Pablo Picasso is under the weather. He has begun to achieve fame, but feels that his work is becoming contrived and does not like the route his career looks like it is taking. He is at an age where melodrama beats reality, but a stiff drink beats them both.
Picasso at the Lapin Agile is a play by Steve Martin (yes, that Steve Martin. He writes a lot of plays, you know) featuring the interaction of Pablo Picasso and Albert Einstein in a small bar in Paris. (A bar which exists in real life, but it's doubtful that the real-life counterparts of the characters actually visited it.)
Einstein himself is in a similar connundrum. Having published his Special Theory of Relativity, Albert is turning heads in academic circles but knows that it is not yet time to rest on his laurels. Both characters know that they are each on the verge of producing something groundbreaking but are missing the inspiration to spark the creative process.
A third outspoken out-of-towner arrives, much to the dismay of the bar's regulars, in the form of Schmendeman, an inventor who's sure his creation will change the world. He speaks wildly of how great things come in threes and how himself, Picasso and Einstein must be destined for far greater things.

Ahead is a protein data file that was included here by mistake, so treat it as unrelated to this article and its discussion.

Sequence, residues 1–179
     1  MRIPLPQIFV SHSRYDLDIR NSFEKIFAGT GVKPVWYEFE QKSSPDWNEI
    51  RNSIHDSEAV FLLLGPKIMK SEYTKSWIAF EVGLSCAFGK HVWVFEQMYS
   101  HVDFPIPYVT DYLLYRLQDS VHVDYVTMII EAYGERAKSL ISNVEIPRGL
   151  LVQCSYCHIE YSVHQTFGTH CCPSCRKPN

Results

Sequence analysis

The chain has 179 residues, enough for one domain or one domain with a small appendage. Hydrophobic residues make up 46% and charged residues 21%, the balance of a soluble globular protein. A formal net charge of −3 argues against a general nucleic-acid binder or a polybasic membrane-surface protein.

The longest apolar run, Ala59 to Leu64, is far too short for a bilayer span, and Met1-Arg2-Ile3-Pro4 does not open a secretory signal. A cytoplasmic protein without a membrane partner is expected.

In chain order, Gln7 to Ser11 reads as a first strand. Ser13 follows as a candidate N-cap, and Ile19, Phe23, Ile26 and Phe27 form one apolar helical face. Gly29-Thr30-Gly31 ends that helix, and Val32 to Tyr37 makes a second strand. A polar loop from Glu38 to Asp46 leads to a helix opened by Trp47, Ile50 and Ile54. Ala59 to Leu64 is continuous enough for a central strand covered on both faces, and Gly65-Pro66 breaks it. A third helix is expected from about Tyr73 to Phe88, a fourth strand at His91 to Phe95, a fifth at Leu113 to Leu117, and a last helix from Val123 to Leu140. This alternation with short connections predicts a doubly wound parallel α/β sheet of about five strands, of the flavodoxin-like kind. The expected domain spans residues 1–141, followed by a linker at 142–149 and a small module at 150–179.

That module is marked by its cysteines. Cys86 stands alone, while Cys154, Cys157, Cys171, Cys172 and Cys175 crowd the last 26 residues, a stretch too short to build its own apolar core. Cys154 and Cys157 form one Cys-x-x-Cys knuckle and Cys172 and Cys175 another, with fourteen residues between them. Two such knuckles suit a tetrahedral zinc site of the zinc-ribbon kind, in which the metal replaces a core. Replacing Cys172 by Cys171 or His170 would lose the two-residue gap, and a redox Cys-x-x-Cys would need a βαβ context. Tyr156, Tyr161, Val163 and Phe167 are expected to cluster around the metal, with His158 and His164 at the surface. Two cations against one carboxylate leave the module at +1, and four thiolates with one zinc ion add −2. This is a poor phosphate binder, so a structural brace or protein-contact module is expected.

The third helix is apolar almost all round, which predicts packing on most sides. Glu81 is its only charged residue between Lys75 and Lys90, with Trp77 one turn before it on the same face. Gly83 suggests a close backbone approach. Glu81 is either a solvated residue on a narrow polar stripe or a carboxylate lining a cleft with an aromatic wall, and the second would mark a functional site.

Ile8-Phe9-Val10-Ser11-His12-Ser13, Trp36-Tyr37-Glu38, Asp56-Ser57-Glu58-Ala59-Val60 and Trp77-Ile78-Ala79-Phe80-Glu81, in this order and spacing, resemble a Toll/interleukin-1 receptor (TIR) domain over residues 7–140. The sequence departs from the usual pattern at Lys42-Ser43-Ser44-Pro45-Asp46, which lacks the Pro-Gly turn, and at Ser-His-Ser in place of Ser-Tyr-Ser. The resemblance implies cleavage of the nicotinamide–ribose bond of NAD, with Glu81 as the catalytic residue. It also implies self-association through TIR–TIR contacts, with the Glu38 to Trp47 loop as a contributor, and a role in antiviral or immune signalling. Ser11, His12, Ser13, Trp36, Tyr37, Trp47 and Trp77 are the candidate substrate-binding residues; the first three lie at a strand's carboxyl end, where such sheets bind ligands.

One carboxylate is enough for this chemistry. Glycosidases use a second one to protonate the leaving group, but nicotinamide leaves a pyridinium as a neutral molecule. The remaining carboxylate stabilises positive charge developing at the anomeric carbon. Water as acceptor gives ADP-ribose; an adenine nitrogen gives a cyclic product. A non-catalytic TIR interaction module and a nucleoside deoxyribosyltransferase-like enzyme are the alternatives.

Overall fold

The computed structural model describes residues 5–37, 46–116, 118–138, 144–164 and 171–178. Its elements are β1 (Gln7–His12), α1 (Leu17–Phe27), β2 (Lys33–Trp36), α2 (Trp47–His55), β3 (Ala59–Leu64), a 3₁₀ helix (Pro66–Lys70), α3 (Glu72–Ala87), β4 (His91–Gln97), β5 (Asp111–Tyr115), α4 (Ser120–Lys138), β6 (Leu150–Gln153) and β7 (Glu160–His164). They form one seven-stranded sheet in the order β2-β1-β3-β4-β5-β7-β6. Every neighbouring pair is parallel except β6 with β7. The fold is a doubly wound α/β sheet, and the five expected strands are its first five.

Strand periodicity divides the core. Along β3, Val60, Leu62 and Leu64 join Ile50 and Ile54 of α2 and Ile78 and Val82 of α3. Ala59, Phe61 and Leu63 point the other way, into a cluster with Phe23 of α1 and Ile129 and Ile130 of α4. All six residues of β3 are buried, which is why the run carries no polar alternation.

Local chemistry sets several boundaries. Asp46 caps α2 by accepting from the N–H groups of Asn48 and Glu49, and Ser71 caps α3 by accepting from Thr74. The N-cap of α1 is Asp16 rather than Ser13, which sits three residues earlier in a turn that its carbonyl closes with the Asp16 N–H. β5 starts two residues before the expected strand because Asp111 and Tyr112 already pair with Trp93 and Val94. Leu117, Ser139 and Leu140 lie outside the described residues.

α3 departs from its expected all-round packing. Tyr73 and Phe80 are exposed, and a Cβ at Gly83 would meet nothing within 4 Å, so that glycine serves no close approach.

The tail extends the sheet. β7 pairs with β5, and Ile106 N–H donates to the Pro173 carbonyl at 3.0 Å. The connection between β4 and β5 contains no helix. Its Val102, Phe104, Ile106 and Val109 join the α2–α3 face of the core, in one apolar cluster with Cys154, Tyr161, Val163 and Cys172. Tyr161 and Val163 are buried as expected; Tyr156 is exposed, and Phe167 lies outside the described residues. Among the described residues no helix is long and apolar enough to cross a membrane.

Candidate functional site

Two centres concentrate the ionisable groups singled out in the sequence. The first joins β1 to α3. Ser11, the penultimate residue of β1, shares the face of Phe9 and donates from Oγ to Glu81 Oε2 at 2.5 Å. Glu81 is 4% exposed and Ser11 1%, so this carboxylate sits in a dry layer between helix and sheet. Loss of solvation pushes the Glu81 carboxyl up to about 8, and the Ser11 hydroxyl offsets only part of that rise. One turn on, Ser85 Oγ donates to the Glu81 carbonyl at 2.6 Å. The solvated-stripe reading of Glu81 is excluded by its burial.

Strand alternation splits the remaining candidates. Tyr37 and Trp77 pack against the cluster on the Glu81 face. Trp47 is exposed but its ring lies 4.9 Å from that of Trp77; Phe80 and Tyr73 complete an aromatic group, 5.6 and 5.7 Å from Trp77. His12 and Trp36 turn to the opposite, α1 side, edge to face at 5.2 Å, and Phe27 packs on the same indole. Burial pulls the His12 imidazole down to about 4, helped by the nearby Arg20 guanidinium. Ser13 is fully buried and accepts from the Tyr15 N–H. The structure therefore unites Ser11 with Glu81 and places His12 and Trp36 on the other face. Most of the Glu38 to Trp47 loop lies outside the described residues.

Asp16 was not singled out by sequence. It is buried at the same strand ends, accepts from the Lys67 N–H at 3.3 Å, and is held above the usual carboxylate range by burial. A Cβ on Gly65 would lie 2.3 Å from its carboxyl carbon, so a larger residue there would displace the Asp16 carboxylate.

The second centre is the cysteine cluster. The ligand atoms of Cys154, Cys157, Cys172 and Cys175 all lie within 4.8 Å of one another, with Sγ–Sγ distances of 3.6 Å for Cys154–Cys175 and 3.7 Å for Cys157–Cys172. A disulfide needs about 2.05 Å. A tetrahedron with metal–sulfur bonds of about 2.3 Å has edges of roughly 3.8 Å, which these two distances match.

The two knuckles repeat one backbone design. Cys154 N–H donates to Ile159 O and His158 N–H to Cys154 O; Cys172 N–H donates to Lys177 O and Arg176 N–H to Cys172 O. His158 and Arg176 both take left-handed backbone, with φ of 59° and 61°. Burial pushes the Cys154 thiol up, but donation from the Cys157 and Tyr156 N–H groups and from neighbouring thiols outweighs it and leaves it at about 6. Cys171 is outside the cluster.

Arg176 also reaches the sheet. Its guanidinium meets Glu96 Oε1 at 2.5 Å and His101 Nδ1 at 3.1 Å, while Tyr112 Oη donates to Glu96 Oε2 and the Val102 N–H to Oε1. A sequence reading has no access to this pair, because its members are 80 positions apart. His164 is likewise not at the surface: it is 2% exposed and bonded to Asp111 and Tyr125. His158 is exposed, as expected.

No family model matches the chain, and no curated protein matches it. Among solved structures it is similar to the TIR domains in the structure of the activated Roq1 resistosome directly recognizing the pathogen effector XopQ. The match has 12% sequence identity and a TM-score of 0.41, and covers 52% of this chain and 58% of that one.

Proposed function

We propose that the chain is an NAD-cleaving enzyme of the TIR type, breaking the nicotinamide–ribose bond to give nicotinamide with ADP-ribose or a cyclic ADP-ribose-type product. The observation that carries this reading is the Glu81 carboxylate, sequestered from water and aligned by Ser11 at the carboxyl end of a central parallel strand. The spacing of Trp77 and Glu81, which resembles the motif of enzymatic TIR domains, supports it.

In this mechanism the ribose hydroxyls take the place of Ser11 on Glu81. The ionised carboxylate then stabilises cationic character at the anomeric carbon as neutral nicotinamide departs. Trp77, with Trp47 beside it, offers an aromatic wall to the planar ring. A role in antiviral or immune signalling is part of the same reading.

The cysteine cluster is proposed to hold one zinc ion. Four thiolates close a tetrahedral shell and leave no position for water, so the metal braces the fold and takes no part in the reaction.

The interplay between the characters is brilliant, hilarious and at times touching. The play ends with the arrival of another Visitor who doesn't quite blend in with the others. He points out some simple truths before returning to make a name for himself at home.
As of early 2003, the play is being adapted to the big screen by Martin and Fred Schepisi (who also succesfully converted Six Degrees of Separation from stage to screen in the 90s and directed another Martin vehicle, Roxanne). The casting looks appropriate with Ryan Phillippe as Picasso, Kevin Kline as the gruff bartender, Juliette Binoche as the bar's waitress and Steve Martin in the role of the third Visitor -- which in and of itself should make the movie worth seeing. More later.